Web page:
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On 17/11/11 00:12, Maximilian Herkender wrote:
> Coroutines are not yet supported, but they might be able to be recreated
> using web workers, otherwise it might be possible to fake them. I don't
> know enough about coroutines or web workers right now to say for sure.

They can't be --- coroutines all exist within the same Lua universe and
so can access each other's variables, while web workers exist within
different Javascript universes and can't (and can only communicate with
each other via messages).

The only way of doing coroutines would be to automatically invert the
control flow of the code, where, e.g., all Javascript code becomes
threaded via a dispatcher based around the Javascript event loop, so you
can return to the event loop at any point in the code. It's all quite
doable, but deeply non-trivial (particularly if you want it to be
efficient). OTOH it would be a killer feature. Javascript being
single-threaded is one of its major flaws... er, amongst its many major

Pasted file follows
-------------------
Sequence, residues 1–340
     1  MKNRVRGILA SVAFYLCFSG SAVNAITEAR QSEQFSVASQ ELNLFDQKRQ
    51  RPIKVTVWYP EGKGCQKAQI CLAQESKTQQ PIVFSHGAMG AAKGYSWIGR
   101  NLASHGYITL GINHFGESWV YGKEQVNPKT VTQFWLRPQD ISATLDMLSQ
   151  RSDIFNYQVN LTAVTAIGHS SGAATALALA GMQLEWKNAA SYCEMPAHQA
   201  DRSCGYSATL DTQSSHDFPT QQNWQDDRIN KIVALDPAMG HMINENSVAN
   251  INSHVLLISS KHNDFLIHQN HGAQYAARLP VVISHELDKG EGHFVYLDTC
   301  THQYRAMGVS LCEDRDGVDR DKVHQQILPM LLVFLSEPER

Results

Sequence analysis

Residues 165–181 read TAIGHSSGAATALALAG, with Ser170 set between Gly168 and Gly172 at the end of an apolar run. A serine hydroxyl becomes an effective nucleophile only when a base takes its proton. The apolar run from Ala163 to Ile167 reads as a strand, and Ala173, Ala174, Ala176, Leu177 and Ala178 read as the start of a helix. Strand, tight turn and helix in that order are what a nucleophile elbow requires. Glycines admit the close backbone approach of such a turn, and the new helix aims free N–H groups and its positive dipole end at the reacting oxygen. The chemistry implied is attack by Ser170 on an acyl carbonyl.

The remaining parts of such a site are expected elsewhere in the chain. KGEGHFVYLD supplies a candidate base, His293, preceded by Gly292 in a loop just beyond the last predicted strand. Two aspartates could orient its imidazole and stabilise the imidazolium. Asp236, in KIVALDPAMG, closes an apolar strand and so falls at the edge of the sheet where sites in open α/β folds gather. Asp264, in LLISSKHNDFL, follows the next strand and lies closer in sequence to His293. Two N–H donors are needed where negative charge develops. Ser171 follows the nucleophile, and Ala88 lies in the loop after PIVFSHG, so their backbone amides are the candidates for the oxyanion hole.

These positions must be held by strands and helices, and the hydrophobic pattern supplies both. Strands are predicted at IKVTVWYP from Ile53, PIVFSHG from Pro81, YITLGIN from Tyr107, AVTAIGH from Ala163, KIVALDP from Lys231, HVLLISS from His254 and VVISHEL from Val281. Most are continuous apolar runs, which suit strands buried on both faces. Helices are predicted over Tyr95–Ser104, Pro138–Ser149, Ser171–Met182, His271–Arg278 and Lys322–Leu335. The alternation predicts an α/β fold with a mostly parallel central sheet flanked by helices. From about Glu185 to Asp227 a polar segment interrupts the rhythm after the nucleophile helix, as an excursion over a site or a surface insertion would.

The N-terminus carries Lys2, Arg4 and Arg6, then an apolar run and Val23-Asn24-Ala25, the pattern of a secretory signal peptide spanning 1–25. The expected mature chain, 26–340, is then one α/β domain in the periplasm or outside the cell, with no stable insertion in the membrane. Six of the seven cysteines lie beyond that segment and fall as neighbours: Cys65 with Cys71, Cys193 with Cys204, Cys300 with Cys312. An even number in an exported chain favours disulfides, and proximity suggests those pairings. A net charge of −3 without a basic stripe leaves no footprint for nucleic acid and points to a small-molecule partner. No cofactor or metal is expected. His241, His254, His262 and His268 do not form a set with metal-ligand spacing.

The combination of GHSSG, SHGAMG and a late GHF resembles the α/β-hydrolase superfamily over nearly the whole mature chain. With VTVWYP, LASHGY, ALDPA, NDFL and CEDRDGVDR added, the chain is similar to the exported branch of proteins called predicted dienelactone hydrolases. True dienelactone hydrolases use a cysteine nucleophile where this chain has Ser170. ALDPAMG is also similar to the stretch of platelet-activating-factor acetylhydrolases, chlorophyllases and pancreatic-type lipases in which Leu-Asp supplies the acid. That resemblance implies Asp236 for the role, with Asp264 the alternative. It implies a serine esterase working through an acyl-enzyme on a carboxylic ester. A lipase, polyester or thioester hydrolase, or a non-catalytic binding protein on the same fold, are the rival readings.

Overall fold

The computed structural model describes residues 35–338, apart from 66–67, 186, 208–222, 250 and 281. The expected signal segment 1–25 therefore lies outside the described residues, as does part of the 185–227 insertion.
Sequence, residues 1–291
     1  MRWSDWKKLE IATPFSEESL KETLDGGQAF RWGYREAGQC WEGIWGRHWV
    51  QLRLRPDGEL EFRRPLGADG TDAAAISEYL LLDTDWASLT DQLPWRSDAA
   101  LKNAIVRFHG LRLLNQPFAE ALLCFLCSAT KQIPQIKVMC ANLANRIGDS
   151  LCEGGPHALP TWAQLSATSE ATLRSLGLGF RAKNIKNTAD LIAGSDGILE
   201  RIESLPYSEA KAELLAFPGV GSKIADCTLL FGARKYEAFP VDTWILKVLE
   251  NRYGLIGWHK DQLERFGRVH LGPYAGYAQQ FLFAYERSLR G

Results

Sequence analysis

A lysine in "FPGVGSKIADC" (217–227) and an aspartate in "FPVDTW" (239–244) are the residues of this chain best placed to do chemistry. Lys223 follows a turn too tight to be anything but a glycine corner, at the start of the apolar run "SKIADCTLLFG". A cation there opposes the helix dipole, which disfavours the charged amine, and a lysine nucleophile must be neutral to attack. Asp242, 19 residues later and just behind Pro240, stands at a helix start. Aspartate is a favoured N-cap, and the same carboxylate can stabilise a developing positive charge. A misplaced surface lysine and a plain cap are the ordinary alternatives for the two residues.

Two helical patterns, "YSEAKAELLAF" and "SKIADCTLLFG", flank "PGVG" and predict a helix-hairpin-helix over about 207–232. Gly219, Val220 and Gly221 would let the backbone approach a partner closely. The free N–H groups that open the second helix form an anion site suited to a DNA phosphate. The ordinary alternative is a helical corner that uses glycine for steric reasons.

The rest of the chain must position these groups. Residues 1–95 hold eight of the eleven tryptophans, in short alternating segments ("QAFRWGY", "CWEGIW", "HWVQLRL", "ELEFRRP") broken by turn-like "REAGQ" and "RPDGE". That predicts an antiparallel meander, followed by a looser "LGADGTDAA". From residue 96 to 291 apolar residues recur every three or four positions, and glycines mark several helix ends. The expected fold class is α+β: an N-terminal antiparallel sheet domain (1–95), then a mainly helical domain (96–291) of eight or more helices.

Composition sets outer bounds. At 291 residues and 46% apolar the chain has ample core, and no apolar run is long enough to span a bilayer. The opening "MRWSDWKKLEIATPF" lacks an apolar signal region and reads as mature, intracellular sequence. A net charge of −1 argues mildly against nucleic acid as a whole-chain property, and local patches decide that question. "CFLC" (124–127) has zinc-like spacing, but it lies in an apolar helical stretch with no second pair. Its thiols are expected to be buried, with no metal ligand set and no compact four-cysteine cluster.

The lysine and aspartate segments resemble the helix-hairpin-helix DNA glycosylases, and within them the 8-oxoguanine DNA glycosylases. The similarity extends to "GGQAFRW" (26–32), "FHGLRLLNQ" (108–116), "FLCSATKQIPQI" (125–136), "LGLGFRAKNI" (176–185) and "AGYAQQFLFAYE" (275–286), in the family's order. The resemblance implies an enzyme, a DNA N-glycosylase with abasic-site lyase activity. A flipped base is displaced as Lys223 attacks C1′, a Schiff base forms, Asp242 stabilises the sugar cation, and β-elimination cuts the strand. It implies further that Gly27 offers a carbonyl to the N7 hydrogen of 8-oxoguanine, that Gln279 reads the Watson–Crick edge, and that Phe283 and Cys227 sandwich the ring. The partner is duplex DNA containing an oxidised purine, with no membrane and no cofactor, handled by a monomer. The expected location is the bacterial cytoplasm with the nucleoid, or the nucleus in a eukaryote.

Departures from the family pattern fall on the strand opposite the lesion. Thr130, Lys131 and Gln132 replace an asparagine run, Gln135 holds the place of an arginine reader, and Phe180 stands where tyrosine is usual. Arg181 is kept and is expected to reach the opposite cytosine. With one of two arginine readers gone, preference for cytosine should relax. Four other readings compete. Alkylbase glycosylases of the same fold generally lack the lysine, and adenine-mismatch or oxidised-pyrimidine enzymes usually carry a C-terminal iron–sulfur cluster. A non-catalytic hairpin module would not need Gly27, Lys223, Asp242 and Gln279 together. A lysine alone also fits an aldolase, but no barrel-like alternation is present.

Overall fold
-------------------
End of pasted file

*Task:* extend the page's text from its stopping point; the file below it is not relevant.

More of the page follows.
flaws, this is one of them.

(ECMA were actually contemplating adding coroutines to a recent
Javascript version. They eventually decided not to, because it would be
'too complicated'. Pfah...)

> That way the block-level scoping in Lua will behave the same in every
> experiment I've tried. I'm not completely confident the behavior of
> variables is the same as in the Lua VM, but I haven't found anything
> that suggests it is different.

There's one big gotcha with Javascript vs. Lua when it comes to closures:

In Lua:

function main()
  for i = 1, 10 do
    local j = i
    f(function() print(j) end)

...each closure passed to f gets a different j (with a different value).

In Javascript:

function main()
  for (var i = 1; i < 10; i++)
    var j = i;
    f(function() { print(j); });

...each closure passed to f gets the *same* j (which means that once
main() exits, it will have the value 10).

This is because Javascript variables are scoped at the function level,
regardless of where the var statement actually is.

┌─── ───── ─────
│ "Never attribute to malice what can be adequately explained by
│ stupidity." --- Nick Diamos (Hanlon's Razor)

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